Proposed Fundraiser Featuring Trump's Sons Raises Questions An online invitation to a charity event raised questions about exchanging huge charitable donations for face time with Trumps' oldest sons. The invitation was later removed from the event website.

Proposed Fundraiser Featuring Trump's Sons Raises Questions

  • Download
  • <iframe src="https://www.npr.org/player/embed/506337200/506337204" width="100%" height="290" frameborder="0" scrolling="no" title="NPR embedded audio player">
  • Transcript

ROBERT SIEGEL, HOST:

If you have a lot of money to spare and want to spend time with the Trump family right after the inauguration, it seemed like earlier today, you might be able to make that dream come true. A new nonprofit organization had advertised access to the Trumps at a big charity event to be held January 21. The online invitation raised questions about exchanging huge charitable donations for face time with Trump's oldest sons. Now the site just says coming soon. NPR's Peter Overby reports.

PETER OVERBY, BYLINE: The night after-party is called Opening Day. It has a shooting, fishing and conservation theme. The president's sons, Donald Jr. and Eric, were prominently mentioned in the invitation online. They're listed as directors on the nonprofit's official filing with the Texas secretary of state.

An early version of the invitation said Trump himself would be at a reception for the million-dollar and $500,000 donors. But late this afternoon, the Trump transition team described the event and details as initial concepts that haven't been approved or pursued by the Trump family.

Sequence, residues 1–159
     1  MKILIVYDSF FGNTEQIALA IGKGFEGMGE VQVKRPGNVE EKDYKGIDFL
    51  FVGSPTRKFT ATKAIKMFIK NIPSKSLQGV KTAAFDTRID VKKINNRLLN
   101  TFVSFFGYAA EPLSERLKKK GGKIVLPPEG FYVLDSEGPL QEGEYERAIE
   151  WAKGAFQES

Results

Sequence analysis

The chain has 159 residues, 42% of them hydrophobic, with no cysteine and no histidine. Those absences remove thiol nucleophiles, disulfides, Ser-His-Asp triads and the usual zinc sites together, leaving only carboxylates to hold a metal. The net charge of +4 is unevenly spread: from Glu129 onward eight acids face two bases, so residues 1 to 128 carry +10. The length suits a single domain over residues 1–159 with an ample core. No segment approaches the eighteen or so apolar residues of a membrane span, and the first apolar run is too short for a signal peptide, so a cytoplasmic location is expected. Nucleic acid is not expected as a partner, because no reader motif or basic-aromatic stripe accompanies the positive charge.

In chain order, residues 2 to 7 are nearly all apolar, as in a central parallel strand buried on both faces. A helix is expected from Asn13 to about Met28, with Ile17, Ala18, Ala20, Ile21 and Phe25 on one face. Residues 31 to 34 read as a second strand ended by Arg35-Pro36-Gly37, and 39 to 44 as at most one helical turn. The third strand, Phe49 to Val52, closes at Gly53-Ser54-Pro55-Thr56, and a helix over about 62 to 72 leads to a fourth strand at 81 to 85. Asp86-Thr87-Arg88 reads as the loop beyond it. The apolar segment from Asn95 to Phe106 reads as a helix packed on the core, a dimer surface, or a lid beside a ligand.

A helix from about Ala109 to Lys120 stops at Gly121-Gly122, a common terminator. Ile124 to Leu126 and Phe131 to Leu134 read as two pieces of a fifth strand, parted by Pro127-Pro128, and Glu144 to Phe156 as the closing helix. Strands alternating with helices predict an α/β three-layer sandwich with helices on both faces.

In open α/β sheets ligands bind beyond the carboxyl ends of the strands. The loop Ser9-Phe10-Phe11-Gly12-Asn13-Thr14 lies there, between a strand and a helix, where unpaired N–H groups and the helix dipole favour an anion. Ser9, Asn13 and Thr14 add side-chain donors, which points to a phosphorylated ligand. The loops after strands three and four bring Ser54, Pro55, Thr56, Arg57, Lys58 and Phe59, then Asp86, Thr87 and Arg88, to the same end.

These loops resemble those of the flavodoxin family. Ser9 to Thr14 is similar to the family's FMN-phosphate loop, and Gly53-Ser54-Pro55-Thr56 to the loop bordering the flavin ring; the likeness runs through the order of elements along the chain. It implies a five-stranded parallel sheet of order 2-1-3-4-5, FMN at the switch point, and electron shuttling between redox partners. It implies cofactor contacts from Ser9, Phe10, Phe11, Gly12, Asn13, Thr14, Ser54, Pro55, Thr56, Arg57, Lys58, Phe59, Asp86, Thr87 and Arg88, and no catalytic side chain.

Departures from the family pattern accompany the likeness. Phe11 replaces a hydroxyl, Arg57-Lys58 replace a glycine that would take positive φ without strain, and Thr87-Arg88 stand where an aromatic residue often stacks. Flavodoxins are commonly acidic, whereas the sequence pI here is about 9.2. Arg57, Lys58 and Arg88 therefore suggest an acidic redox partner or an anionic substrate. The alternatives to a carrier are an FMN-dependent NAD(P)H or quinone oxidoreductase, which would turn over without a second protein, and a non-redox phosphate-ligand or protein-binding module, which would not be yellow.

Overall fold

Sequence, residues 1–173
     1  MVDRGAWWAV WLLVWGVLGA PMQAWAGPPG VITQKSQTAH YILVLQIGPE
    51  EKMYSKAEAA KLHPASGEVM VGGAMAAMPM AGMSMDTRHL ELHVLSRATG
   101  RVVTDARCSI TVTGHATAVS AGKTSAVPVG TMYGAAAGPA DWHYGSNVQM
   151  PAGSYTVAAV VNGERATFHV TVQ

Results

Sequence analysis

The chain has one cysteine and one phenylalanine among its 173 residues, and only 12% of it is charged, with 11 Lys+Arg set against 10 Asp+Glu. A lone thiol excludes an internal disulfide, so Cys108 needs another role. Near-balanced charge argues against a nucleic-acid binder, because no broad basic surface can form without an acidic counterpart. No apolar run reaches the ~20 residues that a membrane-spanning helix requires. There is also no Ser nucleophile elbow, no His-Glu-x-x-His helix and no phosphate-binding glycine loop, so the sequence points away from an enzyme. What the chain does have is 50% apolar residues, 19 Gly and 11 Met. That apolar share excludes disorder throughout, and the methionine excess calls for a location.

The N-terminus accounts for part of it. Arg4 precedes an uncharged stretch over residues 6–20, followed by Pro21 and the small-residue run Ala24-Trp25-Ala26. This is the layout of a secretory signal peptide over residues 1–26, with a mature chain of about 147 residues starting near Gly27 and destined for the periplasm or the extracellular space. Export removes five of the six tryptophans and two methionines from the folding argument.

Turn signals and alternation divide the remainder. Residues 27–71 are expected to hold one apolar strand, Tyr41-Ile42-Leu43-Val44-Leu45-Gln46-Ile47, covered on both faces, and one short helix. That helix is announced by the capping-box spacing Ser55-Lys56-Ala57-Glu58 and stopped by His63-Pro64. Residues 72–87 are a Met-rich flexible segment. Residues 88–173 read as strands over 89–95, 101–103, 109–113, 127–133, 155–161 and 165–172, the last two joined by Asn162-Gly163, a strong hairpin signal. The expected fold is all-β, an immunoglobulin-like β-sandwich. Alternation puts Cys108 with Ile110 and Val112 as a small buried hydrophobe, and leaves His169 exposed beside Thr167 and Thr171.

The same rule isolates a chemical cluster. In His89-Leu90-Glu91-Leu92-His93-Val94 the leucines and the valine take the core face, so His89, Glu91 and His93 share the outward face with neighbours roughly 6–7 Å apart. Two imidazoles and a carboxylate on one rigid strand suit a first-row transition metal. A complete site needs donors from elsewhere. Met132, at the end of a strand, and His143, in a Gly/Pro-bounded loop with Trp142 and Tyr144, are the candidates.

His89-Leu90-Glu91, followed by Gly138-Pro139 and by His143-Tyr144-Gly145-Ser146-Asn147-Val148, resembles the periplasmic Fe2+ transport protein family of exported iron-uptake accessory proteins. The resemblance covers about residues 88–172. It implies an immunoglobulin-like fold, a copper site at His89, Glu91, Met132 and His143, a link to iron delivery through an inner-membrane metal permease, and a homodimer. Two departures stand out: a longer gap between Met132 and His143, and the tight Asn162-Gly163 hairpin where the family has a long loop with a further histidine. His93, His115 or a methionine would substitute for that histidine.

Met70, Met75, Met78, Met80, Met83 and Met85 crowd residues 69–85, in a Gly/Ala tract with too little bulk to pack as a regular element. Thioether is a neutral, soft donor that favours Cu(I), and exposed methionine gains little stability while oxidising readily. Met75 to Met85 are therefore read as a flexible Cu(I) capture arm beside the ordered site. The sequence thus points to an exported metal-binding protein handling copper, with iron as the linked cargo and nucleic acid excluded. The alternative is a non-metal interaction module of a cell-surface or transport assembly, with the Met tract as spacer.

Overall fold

Broadly speaking, such a fundraiser would resemble what goes on in Washington every day. But in other ways, it would be a shocker - for starters, the price tag. Political money and ethics lawyer Ken Gross said politicians are always doing receptions, sometimes for politics, sometimes for charity. That said, it's one thing if donors ante up $5,000 or $10,000.

KEN GROSS: But when they're giving very huge sums to a charitable foundation, then it's - can be just not a matter of quantity. It can change the kind of relationship with the individual.

OVERBY: The post-inaugural event on January 21 was first reported by the Center for Public Integrity and the website TMZ. It came days after the news that Ivanka Trump was offering a 45-minute coffee date as an auction item for her brother Eric's private foundation before it was canceled amid criticism.

The propriety of these charity fundraisers was question number one today when the Trump transition team briefed reporters. Did the president-elect have a policy, or will he make one on his children's offers of access for contributions? Jason Miller is the transition team's spokesman.

JASON MILLER: I've not spoken yet with the president-elect on that particular issue. I'm happy to ask him, try to get back to you with an answer.

OVERBY: Another question - why did the organizers even float the idea of having Trump family members headline a charity event, especially one where the specific charities had not even been designated? Frances Hill, a tax law professor at the University of Miami, said that if donors wanted to give big money to charities, they could do it directly.

FRANCES HILL: There's no reason to make it a three-party transaction. It's the dynamic of currying favor and access with the powerful, and nobody cares as much about the money as about the access.

OVERBY: She pointed out that the contributions going to access events are tax-deductible. Peter Overby, NPR News, Washington.

Copyright © 2016 NPR. All rights reserved. Visit our website terms of use and permissions pages at www.npr.org for further information.

NPR transcripts are created on a rush deadline by Verb8tm, Inc., an NPR contractor, and produced using a proprietary transcription process developed with NPR. This text may not be in its final form and may be updated or revised in the future. Accuracy and availability may vary. The authoritative record of NPR’s programming is the audio record.